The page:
The NTP solicits and encourages the broadest participation from interested individuals or parties in nominating agents, substances, or mixtures for listing in or delisting from the Eleventh and future RoCs. Nominations should contain a rationale for listing or delisting. Appropriate background information and relevant data (e.g. Journal articles, NTP Technical Reports, IARC listings, exposure surveys, release inventories, etc.), which support a nomination, should be provided or referenced when possible. Contact information for the nominator should also be included (name, affiliation (if any), address, telephone, fax, and email). Nominations should be sent to Dr. Jameson's attention at the address given above.Dated: July 12, 2001. Kenneth Olden, Director, National Toxicology Program.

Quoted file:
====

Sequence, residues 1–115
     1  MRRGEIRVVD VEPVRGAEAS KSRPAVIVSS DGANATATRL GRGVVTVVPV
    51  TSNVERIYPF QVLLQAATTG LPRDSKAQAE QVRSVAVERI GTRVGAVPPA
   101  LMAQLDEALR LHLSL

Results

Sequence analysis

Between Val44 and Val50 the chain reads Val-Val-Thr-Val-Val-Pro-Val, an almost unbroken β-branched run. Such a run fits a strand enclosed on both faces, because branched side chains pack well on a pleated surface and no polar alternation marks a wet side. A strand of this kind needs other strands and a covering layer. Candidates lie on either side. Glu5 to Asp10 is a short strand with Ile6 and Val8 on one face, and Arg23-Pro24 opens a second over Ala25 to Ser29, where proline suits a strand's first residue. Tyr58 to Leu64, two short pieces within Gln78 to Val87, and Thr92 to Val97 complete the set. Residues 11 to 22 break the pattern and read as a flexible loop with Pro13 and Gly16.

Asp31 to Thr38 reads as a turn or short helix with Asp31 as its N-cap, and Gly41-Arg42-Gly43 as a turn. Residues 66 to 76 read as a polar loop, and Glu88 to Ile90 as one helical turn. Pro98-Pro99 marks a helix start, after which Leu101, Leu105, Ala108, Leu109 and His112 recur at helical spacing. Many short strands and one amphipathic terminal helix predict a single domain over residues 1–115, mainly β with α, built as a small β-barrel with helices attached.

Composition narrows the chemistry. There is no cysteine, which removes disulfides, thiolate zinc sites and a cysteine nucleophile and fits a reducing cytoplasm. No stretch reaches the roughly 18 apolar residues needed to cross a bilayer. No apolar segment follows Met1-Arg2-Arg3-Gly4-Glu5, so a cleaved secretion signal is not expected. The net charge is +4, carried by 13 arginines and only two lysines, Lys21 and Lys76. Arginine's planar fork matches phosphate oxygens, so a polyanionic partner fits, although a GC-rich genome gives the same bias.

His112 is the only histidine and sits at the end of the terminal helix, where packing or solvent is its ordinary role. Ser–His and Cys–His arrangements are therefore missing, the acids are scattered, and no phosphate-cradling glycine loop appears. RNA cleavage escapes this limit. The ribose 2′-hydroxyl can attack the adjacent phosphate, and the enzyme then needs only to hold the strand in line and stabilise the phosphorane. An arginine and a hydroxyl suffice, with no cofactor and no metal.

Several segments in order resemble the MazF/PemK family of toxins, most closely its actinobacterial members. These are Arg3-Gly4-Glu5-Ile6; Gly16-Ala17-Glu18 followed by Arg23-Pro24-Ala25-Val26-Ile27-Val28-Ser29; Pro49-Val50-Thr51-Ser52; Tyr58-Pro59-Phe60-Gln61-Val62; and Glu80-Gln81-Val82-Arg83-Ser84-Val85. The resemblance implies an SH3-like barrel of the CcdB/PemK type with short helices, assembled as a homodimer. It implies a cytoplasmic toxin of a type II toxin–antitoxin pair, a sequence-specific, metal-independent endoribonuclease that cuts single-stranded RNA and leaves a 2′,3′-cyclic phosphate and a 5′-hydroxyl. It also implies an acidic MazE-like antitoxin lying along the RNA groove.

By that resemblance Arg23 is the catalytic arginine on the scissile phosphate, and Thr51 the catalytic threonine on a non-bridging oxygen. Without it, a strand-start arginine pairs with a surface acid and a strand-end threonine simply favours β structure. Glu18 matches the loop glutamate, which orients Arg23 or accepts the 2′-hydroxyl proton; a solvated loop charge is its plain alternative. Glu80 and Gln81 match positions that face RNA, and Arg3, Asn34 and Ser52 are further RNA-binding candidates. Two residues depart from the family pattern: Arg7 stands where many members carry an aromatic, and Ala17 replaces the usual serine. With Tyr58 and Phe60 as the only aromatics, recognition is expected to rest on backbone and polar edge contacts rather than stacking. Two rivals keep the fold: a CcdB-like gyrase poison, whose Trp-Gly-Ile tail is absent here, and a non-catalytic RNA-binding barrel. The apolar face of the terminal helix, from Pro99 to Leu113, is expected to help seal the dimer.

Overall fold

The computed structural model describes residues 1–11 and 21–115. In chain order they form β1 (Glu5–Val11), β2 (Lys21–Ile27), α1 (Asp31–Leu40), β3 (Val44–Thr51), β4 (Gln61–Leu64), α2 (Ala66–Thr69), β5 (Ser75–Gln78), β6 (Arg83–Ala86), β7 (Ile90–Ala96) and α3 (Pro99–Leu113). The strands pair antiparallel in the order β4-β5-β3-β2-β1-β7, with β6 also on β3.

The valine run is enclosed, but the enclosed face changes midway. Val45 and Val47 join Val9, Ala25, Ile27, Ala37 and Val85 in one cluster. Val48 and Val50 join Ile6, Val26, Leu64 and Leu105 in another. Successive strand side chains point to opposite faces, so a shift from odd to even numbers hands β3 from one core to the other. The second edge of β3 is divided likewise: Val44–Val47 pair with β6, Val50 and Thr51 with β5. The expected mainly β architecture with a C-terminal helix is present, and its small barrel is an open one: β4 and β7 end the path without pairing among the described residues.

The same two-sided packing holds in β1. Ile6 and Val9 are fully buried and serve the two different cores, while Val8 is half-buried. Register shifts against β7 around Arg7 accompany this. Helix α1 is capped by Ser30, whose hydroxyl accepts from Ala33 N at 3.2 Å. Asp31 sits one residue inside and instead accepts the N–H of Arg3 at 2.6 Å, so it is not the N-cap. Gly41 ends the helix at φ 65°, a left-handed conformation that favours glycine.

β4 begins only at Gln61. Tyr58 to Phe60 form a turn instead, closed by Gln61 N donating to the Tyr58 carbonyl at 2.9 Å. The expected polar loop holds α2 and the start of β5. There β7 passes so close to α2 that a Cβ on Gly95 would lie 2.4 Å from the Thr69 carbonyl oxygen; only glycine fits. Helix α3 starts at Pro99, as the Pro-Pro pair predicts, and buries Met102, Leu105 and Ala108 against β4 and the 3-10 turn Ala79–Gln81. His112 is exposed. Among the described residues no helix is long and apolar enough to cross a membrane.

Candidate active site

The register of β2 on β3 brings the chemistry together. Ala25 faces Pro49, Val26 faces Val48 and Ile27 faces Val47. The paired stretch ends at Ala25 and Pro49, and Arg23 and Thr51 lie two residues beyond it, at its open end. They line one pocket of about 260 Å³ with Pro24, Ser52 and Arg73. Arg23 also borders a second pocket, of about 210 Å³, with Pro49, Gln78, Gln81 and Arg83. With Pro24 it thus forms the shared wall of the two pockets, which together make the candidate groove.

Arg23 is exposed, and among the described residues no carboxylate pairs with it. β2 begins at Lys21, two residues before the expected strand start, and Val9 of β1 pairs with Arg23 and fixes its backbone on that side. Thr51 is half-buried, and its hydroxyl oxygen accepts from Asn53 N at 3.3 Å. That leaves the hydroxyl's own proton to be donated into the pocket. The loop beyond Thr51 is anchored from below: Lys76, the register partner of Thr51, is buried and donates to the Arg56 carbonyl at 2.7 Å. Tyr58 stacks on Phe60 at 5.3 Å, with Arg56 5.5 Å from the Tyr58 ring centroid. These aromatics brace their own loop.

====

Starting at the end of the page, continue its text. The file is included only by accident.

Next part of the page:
Summary for Agents, Substances, Mixtures or Exposure Circumstances to be Reviewed in 2001-2002 for Possible Listing in the Report on Carcinogens, Eleventh Edition ↑
|Nomination to be reviewed/CAS No.||Primary uses or exposures||Nominated by||Basis for nomination|
|1The National Institute of Environmental Health Sciences (NIEHS).|
|2International Agency for Research on Cancer (IARC).|
|1-Amino-2,4-dibromoanthraquinone (81-49-2)||1-Amino-2,4-dibromoanthraquinone is an anthraquinone-derived vat dye that is used in the textile industry||NIEHS1||Results of NTP Bioassay (TR 383, 1996) that reported clear evidence of carcinogenicity at multiple tumor sites in multiple species of experimental animals.|